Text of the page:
It is the last day for public comments on the Arctic GMO apple, and the public is getting their money's worth. Nearly 1,400 comments were received on the petition to deregulate the non-browning apple variety.
We haven't seen a lot of apple organizations weigh in yet, but those comments and others will no doubt pour in the very last moment.
Meanwhile, Kansas Republican Congressman Tim Huelskamp is picking on the new school lunch standards, saying that kids are "hungry" from the lack of hearty food in school lunches.
From his news release:
In order to comply with new Obama Administration mandates, Kansas schools are being forced to serve children fewer calories of less tasteful food – ultimately leaving children under-fed.
“Big government wins again,” Congressman Huelskamp said. “First Lady Michelle Obama’s agenda full of ‘exciting changes’ – her words, not mine – are leaving our kids hungry, undermining the whole goal of a school lunch program. One of the major reasons they started the school lunch program was to ensure that children were full enough in order to function well in a classroom. But, seeing pictures of some of the lunches children are served now, it is obvious that the original objective is no longer being met.”
“If Washington is going to be in the school lunch business, then it should at least ensure that children have full stomachs. Parents who purchase school lunches for their children or taxpayers who support free- and reduced- lunch programs have the expectation that what kids eat are meals – not mere snacks. And, if we want to make sure our children are active, then they need a meal complete with ample protein – not just more grains. The First Lady has recognized that ‘talented people’ work in our school cafeterias; I agree. Let’s let the talented people in each school district figure out what their own children will eat – not dictate it from the White House.”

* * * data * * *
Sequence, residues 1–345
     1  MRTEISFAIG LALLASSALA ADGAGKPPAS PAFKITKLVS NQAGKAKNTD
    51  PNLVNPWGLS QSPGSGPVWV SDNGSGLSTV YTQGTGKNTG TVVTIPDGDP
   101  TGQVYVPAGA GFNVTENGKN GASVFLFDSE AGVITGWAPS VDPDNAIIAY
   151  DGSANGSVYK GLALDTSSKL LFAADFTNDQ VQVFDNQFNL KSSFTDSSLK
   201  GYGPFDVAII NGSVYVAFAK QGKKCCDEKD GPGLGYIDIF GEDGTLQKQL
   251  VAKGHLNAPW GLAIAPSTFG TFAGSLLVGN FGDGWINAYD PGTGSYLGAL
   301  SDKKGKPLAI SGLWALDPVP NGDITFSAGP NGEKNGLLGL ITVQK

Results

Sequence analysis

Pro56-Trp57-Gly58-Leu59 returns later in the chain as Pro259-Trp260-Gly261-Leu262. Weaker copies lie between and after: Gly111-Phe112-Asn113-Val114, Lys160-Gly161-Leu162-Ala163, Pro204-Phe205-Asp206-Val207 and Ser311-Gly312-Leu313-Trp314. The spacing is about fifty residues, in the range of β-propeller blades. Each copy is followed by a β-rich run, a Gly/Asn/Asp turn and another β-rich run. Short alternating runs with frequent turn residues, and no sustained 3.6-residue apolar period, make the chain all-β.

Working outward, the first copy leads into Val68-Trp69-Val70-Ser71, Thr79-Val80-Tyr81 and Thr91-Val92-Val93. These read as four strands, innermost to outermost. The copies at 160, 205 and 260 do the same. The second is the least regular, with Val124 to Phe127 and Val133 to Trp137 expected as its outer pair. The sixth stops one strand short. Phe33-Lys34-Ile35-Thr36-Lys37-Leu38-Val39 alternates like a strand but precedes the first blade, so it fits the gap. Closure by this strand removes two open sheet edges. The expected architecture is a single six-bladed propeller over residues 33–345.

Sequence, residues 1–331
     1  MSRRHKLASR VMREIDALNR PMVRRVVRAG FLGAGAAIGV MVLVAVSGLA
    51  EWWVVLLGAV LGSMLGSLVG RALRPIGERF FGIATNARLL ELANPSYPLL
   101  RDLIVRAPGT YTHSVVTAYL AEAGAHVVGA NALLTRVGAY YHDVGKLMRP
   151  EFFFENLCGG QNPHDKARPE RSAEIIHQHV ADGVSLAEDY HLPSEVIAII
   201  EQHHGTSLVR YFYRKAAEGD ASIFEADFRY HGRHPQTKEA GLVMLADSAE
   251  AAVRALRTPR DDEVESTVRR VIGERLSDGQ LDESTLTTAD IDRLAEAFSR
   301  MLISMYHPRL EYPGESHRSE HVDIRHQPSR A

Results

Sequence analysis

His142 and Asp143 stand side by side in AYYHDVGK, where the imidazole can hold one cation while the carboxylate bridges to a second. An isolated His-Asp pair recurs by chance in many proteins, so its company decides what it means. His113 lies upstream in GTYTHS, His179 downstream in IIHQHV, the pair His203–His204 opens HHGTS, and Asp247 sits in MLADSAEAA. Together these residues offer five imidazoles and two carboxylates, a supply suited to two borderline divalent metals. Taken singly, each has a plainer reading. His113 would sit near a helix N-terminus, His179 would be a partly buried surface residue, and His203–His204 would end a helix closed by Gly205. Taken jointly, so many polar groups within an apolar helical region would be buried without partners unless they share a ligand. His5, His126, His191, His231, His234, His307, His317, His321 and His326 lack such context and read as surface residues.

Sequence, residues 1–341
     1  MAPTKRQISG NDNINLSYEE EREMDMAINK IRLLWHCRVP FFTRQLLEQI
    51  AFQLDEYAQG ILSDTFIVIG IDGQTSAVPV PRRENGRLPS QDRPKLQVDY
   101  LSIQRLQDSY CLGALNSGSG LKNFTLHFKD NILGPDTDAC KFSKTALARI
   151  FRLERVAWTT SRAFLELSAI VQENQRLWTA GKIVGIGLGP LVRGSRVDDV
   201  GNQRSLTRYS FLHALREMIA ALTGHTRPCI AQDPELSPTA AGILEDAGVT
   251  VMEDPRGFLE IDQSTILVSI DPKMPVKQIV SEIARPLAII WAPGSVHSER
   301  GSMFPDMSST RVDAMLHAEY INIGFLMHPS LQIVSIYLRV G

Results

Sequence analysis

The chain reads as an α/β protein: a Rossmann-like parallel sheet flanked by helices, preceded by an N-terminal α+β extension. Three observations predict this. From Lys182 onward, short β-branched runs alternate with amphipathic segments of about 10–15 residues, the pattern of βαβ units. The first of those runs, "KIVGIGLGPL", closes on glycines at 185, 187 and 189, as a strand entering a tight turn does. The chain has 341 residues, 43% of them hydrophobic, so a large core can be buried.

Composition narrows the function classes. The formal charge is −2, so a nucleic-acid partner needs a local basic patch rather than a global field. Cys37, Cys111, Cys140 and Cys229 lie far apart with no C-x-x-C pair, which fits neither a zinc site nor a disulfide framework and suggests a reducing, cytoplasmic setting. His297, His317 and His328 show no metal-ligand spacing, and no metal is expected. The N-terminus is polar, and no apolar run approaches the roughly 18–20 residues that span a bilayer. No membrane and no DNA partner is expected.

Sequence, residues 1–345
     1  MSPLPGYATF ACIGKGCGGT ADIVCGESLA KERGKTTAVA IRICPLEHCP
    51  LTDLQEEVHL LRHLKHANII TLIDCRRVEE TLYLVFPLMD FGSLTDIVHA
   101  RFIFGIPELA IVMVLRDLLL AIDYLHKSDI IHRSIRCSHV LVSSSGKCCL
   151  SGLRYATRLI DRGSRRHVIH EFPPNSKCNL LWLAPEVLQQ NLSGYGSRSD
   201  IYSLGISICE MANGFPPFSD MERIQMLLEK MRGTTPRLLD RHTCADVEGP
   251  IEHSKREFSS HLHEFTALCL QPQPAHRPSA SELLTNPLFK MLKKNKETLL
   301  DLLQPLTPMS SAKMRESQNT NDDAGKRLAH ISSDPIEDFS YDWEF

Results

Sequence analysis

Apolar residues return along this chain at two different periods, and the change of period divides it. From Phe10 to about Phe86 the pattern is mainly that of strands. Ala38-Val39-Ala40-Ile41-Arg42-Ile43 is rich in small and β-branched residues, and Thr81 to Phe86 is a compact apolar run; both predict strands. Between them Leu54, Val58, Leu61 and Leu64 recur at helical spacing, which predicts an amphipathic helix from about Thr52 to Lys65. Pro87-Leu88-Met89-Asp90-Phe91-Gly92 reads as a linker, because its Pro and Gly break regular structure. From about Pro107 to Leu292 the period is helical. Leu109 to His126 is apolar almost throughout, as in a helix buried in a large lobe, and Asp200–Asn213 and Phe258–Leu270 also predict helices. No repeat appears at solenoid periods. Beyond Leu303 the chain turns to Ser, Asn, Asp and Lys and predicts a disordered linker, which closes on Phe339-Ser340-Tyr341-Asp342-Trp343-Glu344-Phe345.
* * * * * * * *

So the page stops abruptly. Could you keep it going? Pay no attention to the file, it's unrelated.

In fact, the Congressman is collecting pictures of school meals to make drive home his position to his tater tot and sloppy Joe constituency.
Instead of looking to score cheap political points, perhaps the lawmaker should see the issue not as "fewer calories of less tasteful food" but reduced calories of more healthy, less fatty food.
After all, that is the goal. The glass is half full of skim milk - and the plate is half full of fruits and vegetables. On balance, that is good for kids.